Carissa Moore's Hawaiian Heritage Inspired Her to Open Up About Mental Health

Photo Illustration by Aly Lim
Photo Illustration by Aly Lim

In January, Carissa Moore shocked fans when she announced she was stepping away from competitive surfing. With an Olympic gold medal and five world championships under her belt, the 31-year-old Hawaiian American is ready to focus on the next chapter of her life. The 2024 Paris Olympics will be Moore's last competition — at least for a while.

For APIA Heritage Month, Moore opened up about that next era, "simplifying" her life, and why she chooses to be vulnerable about her mental health. Read it all, in her own words, below. And read more mental health journeys from APIA perspectives here.

I feel fortunate that I've grown up with an open family, and one that has always talked about our feelings and shared a lot about what's going on. That's really embedded into being Hawaiian. In our Hawaiian community, there's this idea of aloha spirit, showing love and being respectful of other people. We're very open and warm, and that's impacted the way that I live my life.

I was inspired by my dad to be open about my mental health. In high school, I was struggling with my body image and an eating disorder. A lot of people were jumping to conclusions and writing their own stories about what was going on. And my dad was like, "Just own your story. Then no one can write it for you." It was cool to see the positive feedback that I got from that, and it helped me through what I was going through. I didn't feel so alone. That's really encouraged and empowered me to continue being open.

I had to check myself and I was like, OK, going back to the drawing board. I'm gonna reset. I'm gonna rebuild myself.

Right after I won my third world title, I went into a three-year slump of just going through the motions. I wasn't motivated. I was lacking passion and purpose. It was the first time that surfing wasn't that joyful. I was doing it, not for myself, but for everyone else. I hit this rock-bottom moment where I felt like surfing wasn't fun and it was bleeding into my personal life. I had just gotten married and it should've been the most happy time of my life.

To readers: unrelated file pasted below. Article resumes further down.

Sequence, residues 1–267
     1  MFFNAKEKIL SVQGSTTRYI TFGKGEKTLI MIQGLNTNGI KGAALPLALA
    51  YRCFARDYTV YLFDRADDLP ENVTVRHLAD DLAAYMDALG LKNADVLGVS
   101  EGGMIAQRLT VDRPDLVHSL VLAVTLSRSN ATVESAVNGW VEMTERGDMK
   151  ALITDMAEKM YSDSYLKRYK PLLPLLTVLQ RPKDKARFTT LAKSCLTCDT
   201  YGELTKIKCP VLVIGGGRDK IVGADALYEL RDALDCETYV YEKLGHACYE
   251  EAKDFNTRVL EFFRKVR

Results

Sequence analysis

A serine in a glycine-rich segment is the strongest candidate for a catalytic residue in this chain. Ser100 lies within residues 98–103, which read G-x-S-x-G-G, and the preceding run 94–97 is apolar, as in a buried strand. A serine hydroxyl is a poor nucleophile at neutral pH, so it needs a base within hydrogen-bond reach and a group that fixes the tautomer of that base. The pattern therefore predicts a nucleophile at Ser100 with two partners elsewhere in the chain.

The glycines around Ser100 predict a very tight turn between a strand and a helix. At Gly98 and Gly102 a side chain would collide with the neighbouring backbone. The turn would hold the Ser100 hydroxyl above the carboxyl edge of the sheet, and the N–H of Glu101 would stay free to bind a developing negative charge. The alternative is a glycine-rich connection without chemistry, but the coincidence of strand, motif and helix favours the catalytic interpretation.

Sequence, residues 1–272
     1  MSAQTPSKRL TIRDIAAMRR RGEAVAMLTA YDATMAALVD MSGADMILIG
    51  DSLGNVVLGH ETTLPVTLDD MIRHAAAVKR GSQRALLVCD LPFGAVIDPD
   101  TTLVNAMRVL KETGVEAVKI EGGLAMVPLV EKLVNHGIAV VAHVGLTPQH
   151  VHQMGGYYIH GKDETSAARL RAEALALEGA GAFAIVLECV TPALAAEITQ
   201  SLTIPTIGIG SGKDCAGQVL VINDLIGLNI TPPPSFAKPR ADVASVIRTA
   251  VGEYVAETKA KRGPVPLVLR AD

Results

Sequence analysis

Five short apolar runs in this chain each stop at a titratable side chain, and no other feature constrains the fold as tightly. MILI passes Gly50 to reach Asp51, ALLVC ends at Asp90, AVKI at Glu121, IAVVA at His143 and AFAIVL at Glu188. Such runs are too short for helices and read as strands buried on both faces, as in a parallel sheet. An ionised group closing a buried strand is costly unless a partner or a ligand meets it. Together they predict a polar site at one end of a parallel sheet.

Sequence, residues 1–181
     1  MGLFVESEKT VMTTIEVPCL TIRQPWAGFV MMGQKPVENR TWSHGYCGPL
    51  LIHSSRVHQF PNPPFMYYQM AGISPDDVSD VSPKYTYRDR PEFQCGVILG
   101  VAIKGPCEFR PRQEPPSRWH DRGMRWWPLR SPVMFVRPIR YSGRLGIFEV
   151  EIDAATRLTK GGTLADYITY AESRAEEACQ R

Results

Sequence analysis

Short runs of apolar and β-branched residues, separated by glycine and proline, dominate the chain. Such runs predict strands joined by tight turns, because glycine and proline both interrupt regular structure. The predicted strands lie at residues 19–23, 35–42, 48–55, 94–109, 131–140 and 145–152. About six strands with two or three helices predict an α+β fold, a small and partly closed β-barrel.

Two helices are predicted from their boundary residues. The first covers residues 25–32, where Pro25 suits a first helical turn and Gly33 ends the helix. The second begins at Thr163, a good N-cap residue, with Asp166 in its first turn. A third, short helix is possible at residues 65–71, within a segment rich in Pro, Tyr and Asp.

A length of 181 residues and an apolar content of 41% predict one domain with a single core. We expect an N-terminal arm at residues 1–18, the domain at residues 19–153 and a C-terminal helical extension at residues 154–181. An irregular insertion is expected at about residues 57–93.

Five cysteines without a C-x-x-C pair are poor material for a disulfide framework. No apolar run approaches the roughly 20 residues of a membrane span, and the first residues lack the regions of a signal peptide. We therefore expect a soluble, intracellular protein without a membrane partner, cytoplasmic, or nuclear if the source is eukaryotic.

I had to check myself and I was like, OK, going back to the drawing board. I'm gonna reset. I'm gonna rebuild myself. And that started with simplifying my life. I started my charitable foundation, Moore Aloha, which helped me give back, find that love, and share surfing with the next generation. Getting to see people psyched about surfing for the first time, helped me remember why I fell in love with it in the first place.

There's been a lot of inspiration for Moore Aloha, but it really came from this place of wanting to share more love. I know how difficult it can be navigating womanhood, life, and all the pressures and expectations that are put on us. So I wanted to create these events and programs where women felt safe to come together to share, encourage, and empower each other. I think there's something beautiful in vulnerability and sharing our own stories, and so much strength that can come from it. Because when we know that we're not alone, the possibilities are endless.

I also have my bag of tools that I go into when I'm not feeling great about myself or struggling with depression, anxiety, or stress. A lot of it has to do with movement. I love getting in the ocean. Surfing is one of my top tools to start feeling better. Being of service to others and giving back also helps me reconnect with love and my heart. I love journaling everyday — I have a collection of journals. I love yoga. Taking some time in nature. Those are some of the things I like to do to stay healthy and happy.

Earlier this year, I made a huge decision to step away from competing on the championship tour full time. It is something that I had thought about for a few years. I was exhausted. Competing at the top level is very intense. I needed some time to shift focus and follow the joy, follow my heart. It's been a fun last couple of months. I'm busy in a different way, and a little bit less stressed, which is awesome. It's gotten me to be creative and think about other things aside from surfing. The best stuff comes when we're a little bored, when we're a little lost. I'm grateful for this time, and that I get to give myself the space and grace to figure it out.

— As told to Shari Straker; additional reporting by Yerin Kim

Shari Straker is the social content producer at PS. A graduate of Craig Newmark's Graduate School of Journalism, she has more than four years of experience. She currently manages both of PS's TikTok accounts and is obsessed with all things social media, pop culture, and fashion.

Yerin Kim is the features editor at POPSUGAR, where she helps shape the vision for special features and packages across the network. A graduate of Syracuse University's Newhouse School, she has over five years of experience in the pop culture and women's lifestyle spaces. She's passionate about spreading cultural sensitivity through the lenses of lifestyle, entertainment, and style.